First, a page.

Volkswagen has let it be known it is naming a new chief executive to shake up the company, but the world’s largest carmaker may be getting more shaking up than it bargained for. The board on Thursday officially appointed Herbert Diess as CEO, replacing Matthias Müller and confirming reports that first broke earlier this week. But the surprise decision has created turmoil in the top ranks and may prompt other departures.
Executive board members feel snubbed by the move. “The way in which it was done is unspeakable,” was the harsh verdict reported by some insiders. Chief Financial Officer Frank Witter, who is highly regarded in investor circles, is among those said to be outraged by the abrupt move to oust Mr. Müller in favor of Mr. Diess. There is now a chance that Mr. Witter or other high-ranking managers decide to leave the carmaker, people familiar with the matter told Handelsblatt.
Mr. Diess, 59, hasn’t helped matters by aggressively presenting his reform plans even before he was officially confirmed in the job, the insiders said. On Tuesday, at the same meeting where top managers were informed about the new CEO, Mr. Diess already floated some of his ideas for shifting responsibilities among board members. It was as if he wanted to divvy up the pelt of freshly killed game, was the colorful description offered by one insider.
“It’s not out of the question that we will have further personnel changes to announce.”
The first heads below the boss have begun to roll. On Thursday, VW said executive Francisco Javier García Sanz will resign from his post as group head of purchasing. He was not willing to serve with Mr. Diess at the top, Handelsblatt has learned. The head of human resouces, Karlheinz Blessing, will also step down, VW said, confirming earlier reports. Gunnar Killian, a powerful works council member, will replace Mr. Blessing.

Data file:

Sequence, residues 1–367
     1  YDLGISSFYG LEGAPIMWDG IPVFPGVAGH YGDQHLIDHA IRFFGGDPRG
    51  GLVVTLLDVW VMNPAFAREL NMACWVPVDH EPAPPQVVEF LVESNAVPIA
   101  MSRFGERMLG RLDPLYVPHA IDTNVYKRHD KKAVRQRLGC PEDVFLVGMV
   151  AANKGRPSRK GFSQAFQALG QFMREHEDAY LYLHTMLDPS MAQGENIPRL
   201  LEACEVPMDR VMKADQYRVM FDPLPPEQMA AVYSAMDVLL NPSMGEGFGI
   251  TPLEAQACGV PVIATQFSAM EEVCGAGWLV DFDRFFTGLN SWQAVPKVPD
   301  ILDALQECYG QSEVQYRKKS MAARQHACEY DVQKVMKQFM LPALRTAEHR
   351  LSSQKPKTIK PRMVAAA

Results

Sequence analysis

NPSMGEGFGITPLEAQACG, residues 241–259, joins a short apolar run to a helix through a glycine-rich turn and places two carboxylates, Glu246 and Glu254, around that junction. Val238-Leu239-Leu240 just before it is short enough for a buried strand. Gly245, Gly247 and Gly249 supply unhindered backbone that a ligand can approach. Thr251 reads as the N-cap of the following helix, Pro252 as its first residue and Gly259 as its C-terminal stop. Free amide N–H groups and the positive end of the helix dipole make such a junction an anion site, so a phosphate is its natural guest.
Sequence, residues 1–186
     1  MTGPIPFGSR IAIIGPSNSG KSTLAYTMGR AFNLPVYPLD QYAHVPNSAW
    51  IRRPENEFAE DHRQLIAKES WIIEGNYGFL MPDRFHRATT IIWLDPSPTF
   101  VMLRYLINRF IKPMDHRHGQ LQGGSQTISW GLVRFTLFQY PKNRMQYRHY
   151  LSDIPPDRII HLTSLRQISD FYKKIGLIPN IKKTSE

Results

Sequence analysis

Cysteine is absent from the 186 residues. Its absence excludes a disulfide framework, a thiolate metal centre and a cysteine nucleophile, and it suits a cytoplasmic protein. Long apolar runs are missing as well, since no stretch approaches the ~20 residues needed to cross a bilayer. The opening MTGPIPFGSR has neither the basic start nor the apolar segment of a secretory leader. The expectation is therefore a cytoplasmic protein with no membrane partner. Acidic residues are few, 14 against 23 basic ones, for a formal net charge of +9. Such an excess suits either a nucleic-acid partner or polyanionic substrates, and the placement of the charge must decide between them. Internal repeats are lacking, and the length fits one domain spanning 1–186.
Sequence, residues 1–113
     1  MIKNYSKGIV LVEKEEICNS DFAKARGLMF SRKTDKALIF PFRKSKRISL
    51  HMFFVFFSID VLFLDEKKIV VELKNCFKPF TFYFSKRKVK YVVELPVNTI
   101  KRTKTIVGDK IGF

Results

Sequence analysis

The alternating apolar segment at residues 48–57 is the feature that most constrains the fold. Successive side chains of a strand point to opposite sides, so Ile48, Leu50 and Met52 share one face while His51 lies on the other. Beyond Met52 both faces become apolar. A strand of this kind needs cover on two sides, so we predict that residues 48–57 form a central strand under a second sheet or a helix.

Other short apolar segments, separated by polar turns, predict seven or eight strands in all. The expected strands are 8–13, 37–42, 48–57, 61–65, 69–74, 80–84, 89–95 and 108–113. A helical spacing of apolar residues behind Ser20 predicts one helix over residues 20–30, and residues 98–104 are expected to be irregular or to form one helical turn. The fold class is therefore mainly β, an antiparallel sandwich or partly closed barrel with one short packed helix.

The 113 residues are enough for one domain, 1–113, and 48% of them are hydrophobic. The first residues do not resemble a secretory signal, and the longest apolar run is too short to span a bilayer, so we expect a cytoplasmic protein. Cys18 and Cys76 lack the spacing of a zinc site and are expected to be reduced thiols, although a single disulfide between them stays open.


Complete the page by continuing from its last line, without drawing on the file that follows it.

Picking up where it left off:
If more managers were to leave the company it would not matter in many cases, given the restructuring and the need to reallocate responsibilities. The one person VW really doesn’t to lose is the CFO, Mr. Witter, whose expertise and credibility would be sorely needed to help carry out the transition. Analysts portrayed him as an anchor of stability amid the diesel emissions turmoil.
VW is still seeking to put the Dieselgate scandal behind it and evidently felt a change in leadership was necessary to do so. Beyond that, the Wolfsburg-based carmaker faces the same challenges as Daimler, BMW and other carmakers to manage the transition from combustion engines to electric cars. After years of defending “clean diesel” as the solution to harmful emissions, German carmakers are now busy shifting to electric models after revelations that diesel was clean only if emissions-cheating software made it appear so.
As CEO, Herbert Diess will continue running the namesake passenger car brand and take on responsibility for R&D and vehicle IT, two areas that are crucial to promote electric and self-driving cars. VW also promoted Porsche CEO Oliver Blume to the carmaker’s executive board, making him the head of group production. Mr. Blume, 49, is seen a candidate to become group CEO in the future. A chief operating officer will become the deputy head of the VW passenger car brand to relieve Mr. Diess of some of his duties, the works council wrote in a letter to employees.
VW also confirmed it would change the legal structure of VW Truck & Bus to a joint stock corporation from a private limited company, a prerequisite to list the business, which includes the MAN and Scania truck brands. VW Truck & Bus will relocate its headquarters from Braunschweig, sources told Handelsblatt. The new company is likely to be included in the DAX index of German blue chips once it is listed, most likely next year. The controlling shareholders of VW will have no representation on the board of VW Truck & Bus once it becomes independent, sources said.
VW will also bundle some of its 12 brands, which include Skoda, Seat, Lamborghini, Bentley and Bugatti, into three groups called “Volume,” “Premium,” “Super Premium.” More changes are potentially on the horizon: Speaking for the first time as CEO on Friday, Mr. Diess said he would review all operations and could even consider selling some businesses. That would put a whole different spin on parting ways with employees and managers.
Stefan Menzel writes about the auto industry focusing on Volkswagen. Martin Murphy covers the steel, car and defense industries for Handelsblatt. Darrell Delamaide and Gilbert Kreijger adapted this article into English for Handelsblatt Global. To contact the authors: email@example.com and firstname.lastname@example.org
This article was updated on Friday to include VW’s confirmation of its reorganization.